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After deadly fires, Chile mourns ex-president Pinera

Draped in the Chilean flag, and carried on a carriage drawn by uniformed officers, Pinera's coffin was loaded into an air force plane in the southern city of Valdivia (RAUL BRAVO)
Draped in the Chilean flag, and carried on a carriage drawn by uniformed officers, Pinera's coffin was loaded into an air force plane in the southern city of Valdivia (RAUL BRAVO)

Three days of mourning and funeral ceremonies got underway Wednesday for Chile's ex-president Sebastian Pinera, a day after he drowned when the helicopter he was piloting crashed into a lake.

The accident came as the South American country was already reeling from vicious wildfires that left at least 131 dead in the coastal Valparaiso region and scorched entire communities.

Pinera's family had been enjoying their summer holidays in Lago Ranco when the helicopter plunged into the waters of the immense lake surrounded by forest some 920 kilometers (570 miles) south of Santiago.

An autopsy established the cause of Pinera's death as "asphyxiation due to submersion," said regional prosecutor Tatiana Esquivel.

Draped in the Chilean flag, and carried on a carriage drawn by uniformed officers, Pinera's coffin was loaded into an air force plane in the southern city of Valdivia, accompanied by his wife, four children and some of his nine grandchildren.

The coffin later arrived in Santiago, where Pinera's family were received by his leftist successor, President Gabriel Boric, before being escorted to Congress.

The public will be able to pay tribute to Pinera as he lies in state until Thursday and a main funeral mass is planned for Friday. He will be buried in a private family ceremony.

Hundreds of supporters gathered outside Congress holding flags and photos of Pinera.

"We held out hope that he would become president of Chile again. I voted for him twice and without a doubt would have done so again," said Francisca Narvaez, a 41-year-old nurse.

"The way he died is very unfair."

- 'He worked tirelessly' -

The 74-year-old billionaire, who returned the right wing to power after casting off the baggage of former dictator Augusto Pinochet, served two non-consecutive terms in office.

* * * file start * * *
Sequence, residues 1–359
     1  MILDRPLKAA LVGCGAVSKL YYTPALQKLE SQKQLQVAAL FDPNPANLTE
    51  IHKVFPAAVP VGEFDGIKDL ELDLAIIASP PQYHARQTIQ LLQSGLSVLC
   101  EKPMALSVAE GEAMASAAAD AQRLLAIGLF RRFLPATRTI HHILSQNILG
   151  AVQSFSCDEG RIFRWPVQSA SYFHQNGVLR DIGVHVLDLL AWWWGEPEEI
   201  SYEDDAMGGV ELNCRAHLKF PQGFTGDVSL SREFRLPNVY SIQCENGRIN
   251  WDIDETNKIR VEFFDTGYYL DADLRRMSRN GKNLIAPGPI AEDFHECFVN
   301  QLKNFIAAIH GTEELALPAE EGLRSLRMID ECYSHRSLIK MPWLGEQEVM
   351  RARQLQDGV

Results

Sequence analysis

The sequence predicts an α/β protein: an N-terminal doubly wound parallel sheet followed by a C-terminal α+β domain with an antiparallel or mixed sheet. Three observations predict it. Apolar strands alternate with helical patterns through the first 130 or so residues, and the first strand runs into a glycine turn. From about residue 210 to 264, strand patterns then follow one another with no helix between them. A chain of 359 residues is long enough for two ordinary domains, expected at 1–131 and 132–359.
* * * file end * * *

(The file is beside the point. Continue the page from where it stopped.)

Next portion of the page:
"He was a democrat from the first hour, and he genuinely sought what he believed was best for the country," said Boric, who took over from Pinera in March 2022.

Pinera's first term between 2010 and 2014 saw him oversee the reconstruction after a major earthquake, as well as the gripping rescue of 33 miners trapped in the Atacama Desert.

His second term, however, was fraught with trouble as he faced social uprising, the Covid-19 pandemic and the worst economic crisis in decades.

US President Joe Biden, who added his voice to the tributes pouring in, praised him for "helping Chile achieve one of the fastest vaccination rates in the world."

"President Pinera was committed to forging a more secure and prosperous future for Chile.  He worked tirelessly to grow Chile's economy and advocate for his nation on the world stage," Biden said in a statement.

While at his holiday home in Lago Ranco, Pinera called a meeting on Monday with his former ministers to discuss "how to contribute" amid the wildfires ravaging the country, ex-minister Karla Rubilar told local media.

An avid helicopter pilot, Pinera had taken off after lunch with his friends, accompanied by his sister and two other passengers on a rainy day, with wind and considerable cloud cover, the prosecutor's office said.

The plane crashed shortly after takeoff, and Pinera was the only passenger unable to escape from the aircraft, sinking with it into the lake.

Firefighter Ricardo Gonzalez, who retrieved his body, said Pinera was found free of his seatbelt, 28 meters (92 feet) deep.

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